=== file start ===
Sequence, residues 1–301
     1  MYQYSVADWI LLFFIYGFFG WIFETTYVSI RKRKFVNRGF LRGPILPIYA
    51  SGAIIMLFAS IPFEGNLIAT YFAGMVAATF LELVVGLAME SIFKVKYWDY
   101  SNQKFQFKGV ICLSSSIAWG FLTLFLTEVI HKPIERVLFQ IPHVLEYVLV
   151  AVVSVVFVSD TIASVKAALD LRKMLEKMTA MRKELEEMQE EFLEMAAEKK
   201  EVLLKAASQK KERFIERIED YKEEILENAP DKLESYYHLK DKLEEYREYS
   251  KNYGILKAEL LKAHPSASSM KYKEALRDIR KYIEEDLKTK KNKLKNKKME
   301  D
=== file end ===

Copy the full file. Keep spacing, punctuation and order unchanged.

Sequence, residues 1–301
     1  MYQYSVADWI LLFFIYGFFG WIFETTYVSI RKRKFVNRGF LRGPILPIYA
    51  SGAIIMLFAS IPFEGNLIAT YFAGMVAATF LELVVGLAME SIFKVKYWDY
   101  SNQKFQFKGV ICLSSSIAWG FLTLFLTEVI HKPIERVLFQ IPHVLEYVLV
   151  AVVSVVFVSD TIASVKAALD LRKMLEKMTA MRKELEEMQE EFLEMAAEKK
   201  EVLLKAASQK KERFIERIED YKEEILENAP DKLESYYHLK DKLEEYREYS
   251  KNYGILKAEL LKAHPSASSM KYKEALRDIR KYIEEDLKTK KNKLKNKKME
   301  D